GREEN BAY - Even with four months to go before the start of the regular season, three months until training camp and four long weeks before their first organized team activities, the Green Bay Packers have begun to dream about an offense with destructive potential.
There stood quarterback Aaron Rodgers on the second day of the offseason program Tuesday, his figure ensconced by cameras and microphones, chatting with members of the media about personnel groupings and substitution patterns well before the Packers can take the field.
There stood wide receiver Jordy Nelson, he of healed ribs and resurgent knee, smiling through a description of the exchange he shared with new tight end Martellus Bennett. Both players are excited about adding depth at the skill positions, and they told each other about it in what sounded like a scene from “Step Brothers.”
“It’s going to be fun,” Nelson said.
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Their anticipation at such an early juncture speaks as much to the surprising offseason moves by general manager Ted Thompson as it does the offensive innovation born of injury last season. Decimation of the running back position spawned creativity and ingenuity from coach Mike McCarthy, who oversaw an offense ranked eighth in the league by the end of the regular season.
And while Thompson allowed a number of key players to depart in free agency — namely right guard T.J. Lang and running back Eddie Lacy — the decision to corral a few of his own was welcomed by Rodgers and the offense. In signing Bennett, the top tight end on the market, and supplementing him with Lance Kendricks, another tight end who caught 50 passes last season, the Packers strengthened a group of skill players that already was quite strong.
“I think we saw a shift last year,” Rodgers said, “as we shifted away from really an ‘11’ personnel — three receiver, one tight end, one running back exclusive personnel — to really mixing things up, and Mike did a great job of that, of really evolving the offense and trying to get more people involved as we saw it was going to be important that we didn’t just stick in one personnel group.”
In that regard, the spat of injuries to Lacy and fellow tailbacks James Starks and Don Jackson catalyzed changes that dragged the Packers out of a malaise dating to last season. Their struggles, encapsulated by an offense that ranked 24th in 2015, were often accompanied by the perceived stagnation associated with McCarthy’s cherished "11" personnel.
It stands to reason that the offensive explosion attached to last year’s eight-game winning streak will carry with it certain after effects, primarily the incorporation of additional personnel groupings. The Packers tormented opposing defenses with four- and five-wide receiver sets that placed a premium on Rodgers’ quick release, and it sounds as if the quarterback will lobby for them again this season.
“We got Ty (Montgomery) opportunities, we got Christine (Michael) opportunities, we got Randall (Cobb) opportunities in the backfield, we got Geronimo (Allison) on the field as well,” Rodgers said. “We’re going to be evolving in that manner.”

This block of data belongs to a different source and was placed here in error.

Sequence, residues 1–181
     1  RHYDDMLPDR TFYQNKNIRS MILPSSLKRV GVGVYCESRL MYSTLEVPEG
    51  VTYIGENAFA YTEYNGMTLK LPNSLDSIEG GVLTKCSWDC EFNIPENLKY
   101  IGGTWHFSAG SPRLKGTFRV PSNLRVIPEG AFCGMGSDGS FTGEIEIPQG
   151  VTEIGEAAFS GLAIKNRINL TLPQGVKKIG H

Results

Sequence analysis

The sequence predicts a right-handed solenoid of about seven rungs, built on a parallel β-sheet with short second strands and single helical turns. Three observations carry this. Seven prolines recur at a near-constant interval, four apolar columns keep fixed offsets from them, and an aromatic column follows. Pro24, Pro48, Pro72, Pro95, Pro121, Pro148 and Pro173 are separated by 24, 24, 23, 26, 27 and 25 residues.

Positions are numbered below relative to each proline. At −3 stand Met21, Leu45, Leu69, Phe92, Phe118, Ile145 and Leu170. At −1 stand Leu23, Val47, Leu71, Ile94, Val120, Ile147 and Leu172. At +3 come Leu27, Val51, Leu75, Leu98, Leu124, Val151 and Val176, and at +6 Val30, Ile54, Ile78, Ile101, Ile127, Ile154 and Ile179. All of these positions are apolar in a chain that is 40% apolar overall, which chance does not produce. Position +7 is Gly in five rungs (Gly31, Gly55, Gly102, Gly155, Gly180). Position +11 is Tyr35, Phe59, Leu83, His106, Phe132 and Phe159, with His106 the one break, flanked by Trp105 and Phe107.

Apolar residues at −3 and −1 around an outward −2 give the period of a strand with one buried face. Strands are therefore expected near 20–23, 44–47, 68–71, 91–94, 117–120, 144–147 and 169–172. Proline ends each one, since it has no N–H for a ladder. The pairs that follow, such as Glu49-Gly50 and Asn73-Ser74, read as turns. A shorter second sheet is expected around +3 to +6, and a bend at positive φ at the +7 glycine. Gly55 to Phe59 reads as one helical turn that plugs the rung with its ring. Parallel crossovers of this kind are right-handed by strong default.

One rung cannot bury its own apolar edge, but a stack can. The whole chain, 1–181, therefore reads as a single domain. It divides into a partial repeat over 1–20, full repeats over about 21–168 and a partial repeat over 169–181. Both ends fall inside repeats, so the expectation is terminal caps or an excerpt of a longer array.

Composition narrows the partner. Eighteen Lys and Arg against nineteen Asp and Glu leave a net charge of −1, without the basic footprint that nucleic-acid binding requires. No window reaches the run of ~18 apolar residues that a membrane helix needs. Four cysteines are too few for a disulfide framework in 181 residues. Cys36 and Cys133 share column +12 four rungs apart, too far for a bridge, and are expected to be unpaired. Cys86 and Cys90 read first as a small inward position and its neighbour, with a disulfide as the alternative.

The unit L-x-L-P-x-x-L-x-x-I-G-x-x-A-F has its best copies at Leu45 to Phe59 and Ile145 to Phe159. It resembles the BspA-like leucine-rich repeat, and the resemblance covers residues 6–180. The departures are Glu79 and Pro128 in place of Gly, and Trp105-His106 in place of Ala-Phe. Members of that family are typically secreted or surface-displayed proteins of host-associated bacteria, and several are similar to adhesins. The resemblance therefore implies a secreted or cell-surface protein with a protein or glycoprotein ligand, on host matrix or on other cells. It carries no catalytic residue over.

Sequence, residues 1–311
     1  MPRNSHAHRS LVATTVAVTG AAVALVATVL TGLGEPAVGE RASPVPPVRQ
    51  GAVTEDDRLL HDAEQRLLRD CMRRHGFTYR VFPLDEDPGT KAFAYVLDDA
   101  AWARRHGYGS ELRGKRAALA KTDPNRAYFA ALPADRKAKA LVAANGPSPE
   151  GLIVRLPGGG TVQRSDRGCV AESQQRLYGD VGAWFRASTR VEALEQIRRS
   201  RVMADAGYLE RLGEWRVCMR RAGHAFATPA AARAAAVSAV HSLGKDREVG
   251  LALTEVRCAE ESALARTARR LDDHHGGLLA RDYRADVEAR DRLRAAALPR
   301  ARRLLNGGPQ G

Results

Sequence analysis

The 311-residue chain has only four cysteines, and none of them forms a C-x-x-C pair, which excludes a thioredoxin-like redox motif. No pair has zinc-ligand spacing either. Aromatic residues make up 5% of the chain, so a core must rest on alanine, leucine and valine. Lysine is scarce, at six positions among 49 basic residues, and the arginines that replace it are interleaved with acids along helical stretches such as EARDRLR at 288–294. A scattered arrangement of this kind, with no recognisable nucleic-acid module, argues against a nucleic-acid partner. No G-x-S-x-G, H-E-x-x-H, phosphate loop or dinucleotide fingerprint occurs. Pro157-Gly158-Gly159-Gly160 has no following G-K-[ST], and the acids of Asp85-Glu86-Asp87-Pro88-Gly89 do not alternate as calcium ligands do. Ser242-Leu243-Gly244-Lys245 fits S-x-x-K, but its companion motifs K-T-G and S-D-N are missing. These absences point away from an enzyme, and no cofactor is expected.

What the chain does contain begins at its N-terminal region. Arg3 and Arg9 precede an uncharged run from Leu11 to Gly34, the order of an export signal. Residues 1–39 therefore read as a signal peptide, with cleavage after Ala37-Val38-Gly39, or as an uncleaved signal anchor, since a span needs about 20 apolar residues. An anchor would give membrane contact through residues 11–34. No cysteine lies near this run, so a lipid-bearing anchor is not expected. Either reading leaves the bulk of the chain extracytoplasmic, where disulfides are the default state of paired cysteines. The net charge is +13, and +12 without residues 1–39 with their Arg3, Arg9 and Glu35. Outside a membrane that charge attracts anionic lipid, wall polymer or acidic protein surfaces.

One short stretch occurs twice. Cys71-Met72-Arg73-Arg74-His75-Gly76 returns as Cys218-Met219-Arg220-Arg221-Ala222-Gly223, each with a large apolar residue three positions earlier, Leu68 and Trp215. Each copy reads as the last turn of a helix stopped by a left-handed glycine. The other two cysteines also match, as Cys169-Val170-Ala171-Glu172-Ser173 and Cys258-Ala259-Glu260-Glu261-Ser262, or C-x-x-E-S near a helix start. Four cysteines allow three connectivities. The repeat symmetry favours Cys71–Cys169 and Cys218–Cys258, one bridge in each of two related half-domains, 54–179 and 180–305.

Among the evolutions, according to Rodgers, will be the reintroduction of “12” personnel, an alignment that features one running back, two tight ends and two wide receivers. It’s something the Packers haven’t utilized much since they paired Jermichael Finley and Andrew Quarless in 2013.
The additions of Bennett and Kendricks, coupled with the incumbent Richard Rodgers, who is entering his fourth season, afford McCarthy an opportunity to play more than one tight end at a time.
“I think we’re going to have a lot more flexibility in that package,” Aaron Rodgers said. “(The) ‘12’ personnel is more of a run-pass balanced personnel and it has been throughout the league and for us the past few years. The opportunity to put two guys on the line of scrimmage and have an opportunity to run right, run left and then run all of our vertical passing game is going to be something that could definitely change and be more difficult to stop.”
But all the buzz surrounding Bennett, Nelson and the rest of the skill-position players failed to obscure the glaring vacancy at right guard.
Without Lang, who signed a rich free-agent deal with the Detroit Lions, the Packers entered their offseason program with four guards and one potential convert on the roster. One of them, Lane Taylor, is entrenched at left guard after an impressive debut season following the release of Josh Sitton last year. The others — veteran Don Barclay; youngsters Lucas Patrick, Kyle Murphy and Justin McCray — will spend the next few months trying to earn a starting spot.
Thompson is likely to supplement the group through the draft or his crop of priority free agents — or both.
“I don’t know that we need a guy in the draft, I really don’t,” Rodgers said. “I like the guys that we have, and I think there’s going to be a great competition between those guys. Obviously, Donnie’s played a lot of football for us, and I was really happy to see him come back. Not only is he a great friend and a great locker room guy, but he can play. And then the two young guys with Lucas and Kyle, I think they offer depth for us.
“That’s going to be a long process, I think. There’s going to be a healthy competition, I would assume. … The key is that cohesion, that chemistry with the line playing together extended time. I think we’re going to need to figure out who that guy is in time, but give them opportunities to jell together.”
The same can be said for Bennett and Kendricks, whose main task between now and August is to develop chemistry with Rodgers.
But if everything comes together, both along the line and on the perimeter, the Packers believe their offense can be really, really fun.